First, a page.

At a Berlinale press conference for his controversial film Amen, the film's director, Constantin Costa-Gavras, was tackled by a priest from the Vatican who accused him of digging up the past without adequate research. Having responded, he left Rolf Hochhuth, the playwright who wrote the book on which the film was based, to field journalists' questions.

In a subsequent interview with Screen International, Costa-Gavras countered the charge of lack of research.

Screen International: How much of the argument presented in your film, about Pope Pius XII's failure to denounce Hitler's extermination of the Jews during World War II, is new'

Costa-Gavras : "I went through a lot of books. I refused to meet historians, because every historian has his point of view. I read around twenty books on the subject, written from different viewpoints, but what they all agreed on was the Vatican's complete silence - which is what I show in my movie.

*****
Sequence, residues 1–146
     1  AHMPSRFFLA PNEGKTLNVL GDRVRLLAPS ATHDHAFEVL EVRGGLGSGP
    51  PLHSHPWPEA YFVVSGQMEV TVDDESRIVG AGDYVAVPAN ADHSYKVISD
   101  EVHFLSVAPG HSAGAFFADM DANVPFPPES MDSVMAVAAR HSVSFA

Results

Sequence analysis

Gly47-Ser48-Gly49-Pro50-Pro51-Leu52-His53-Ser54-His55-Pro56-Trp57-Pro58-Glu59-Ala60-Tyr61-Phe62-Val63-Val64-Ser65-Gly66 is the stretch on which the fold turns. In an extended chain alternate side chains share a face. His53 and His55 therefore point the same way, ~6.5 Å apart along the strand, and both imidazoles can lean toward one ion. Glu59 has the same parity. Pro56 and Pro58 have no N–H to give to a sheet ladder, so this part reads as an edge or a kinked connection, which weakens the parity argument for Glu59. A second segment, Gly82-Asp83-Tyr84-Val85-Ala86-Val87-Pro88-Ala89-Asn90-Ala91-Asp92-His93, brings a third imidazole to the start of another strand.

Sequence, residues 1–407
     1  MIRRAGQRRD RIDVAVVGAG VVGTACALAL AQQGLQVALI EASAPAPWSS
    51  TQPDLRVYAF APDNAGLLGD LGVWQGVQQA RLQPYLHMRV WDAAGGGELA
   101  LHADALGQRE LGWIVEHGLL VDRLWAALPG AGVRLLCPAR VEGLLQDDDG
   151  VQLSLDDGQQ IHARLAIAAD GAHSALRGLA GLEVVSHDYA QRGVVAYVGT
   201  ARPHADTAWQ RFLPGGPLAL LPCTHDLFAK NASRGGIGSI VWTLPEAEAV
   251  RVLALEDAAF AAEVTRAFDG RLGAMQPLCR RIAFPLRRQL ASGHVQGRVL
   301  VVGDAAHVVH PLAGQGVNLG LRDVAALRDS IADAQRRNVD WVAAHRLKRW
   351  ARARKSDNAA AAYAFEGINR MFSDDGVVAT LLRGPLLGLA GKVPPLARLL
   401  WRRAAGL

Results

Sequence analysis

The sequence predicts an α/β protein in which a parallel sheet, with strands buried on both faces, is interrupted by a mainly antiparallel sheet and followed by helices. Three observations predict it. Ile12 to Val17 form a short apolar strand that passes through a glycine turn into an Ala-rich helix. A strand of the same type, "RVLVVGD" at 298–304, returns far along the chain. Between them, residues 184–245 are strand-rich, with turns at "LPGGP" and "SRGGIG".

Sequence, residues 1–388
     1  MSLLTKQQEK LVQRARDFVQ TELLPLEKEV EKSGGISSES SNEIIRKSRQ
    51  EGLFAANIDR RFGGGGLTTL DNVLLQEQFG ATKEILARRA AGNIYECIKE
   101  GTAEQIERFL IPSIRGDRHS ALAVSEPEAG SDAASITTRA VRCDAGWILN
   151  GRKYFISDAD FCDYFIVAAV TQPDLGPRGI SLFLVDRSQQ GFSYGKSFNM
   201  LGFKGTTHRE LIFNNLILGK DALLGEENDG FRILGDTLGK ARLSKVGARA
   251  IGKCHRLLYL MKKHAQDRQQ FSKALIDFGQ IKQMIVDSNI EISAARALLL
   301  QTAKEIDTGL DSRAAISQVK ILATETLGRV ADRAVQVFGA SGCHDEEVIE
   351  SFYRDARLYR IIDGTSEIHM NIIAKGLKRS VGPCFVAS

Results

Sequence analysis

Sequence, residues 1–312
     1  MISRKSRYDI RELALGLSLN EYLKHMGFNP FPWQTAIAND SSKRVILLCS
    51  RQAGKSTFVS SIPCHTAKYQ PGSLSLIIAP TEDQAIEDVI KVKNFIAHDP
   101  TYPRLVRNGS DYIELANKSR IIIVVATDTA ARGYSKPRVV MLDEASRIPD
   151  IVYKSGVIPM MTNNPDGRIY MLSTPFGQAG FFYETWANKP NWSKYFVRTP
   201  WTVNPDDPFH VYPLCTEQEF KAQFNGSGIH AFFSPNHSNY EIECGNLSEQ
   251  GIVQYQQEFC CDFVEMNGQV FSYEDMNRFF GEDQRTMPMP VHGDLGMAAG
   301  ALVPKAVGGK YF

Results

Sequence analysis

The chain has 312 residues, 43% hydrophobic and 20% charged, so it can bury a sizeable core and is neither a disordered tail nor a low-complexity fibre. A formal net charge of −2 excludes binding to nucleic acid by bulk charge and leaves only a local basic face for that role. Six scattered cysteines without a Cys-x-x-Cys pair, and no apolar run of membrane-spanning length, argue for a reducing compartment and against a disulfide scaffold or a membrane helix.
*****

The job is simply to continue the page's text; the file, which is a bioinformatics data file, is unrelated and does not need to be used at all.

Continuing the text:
"I tried to say before in the press conference that this silence wasn't just during the extermination of the Jews: it started before, when Eugenio Pacelli [later to become Pope Pius XII] was papal nuncio in Berlin.

"There are some very controversial scenes in Amen - one near the end where an Austrian cardinal is shown helping a camp commandant to escape to exile in Argentina is particularly difficult.

"Not only did monsignor Hudal help Nazis to escape, he also wrote a book in the early 1940s called The Christian Religion in Europe. In this book he says that we should use Nazis to help us get rid of the Jews because they are the corrupt element of Europe.

"Hudal was close to the Pope; he was dean of the Austrian seminary in Rome. Pius II's defenders claim that although he knew about the Holocaust, he felt that it was better to continue a policy of quiet diplomacy, as to speak out might make things worse.

"You don't agree with this' No. Because that way you end up accepting everything. That's how you kill any form"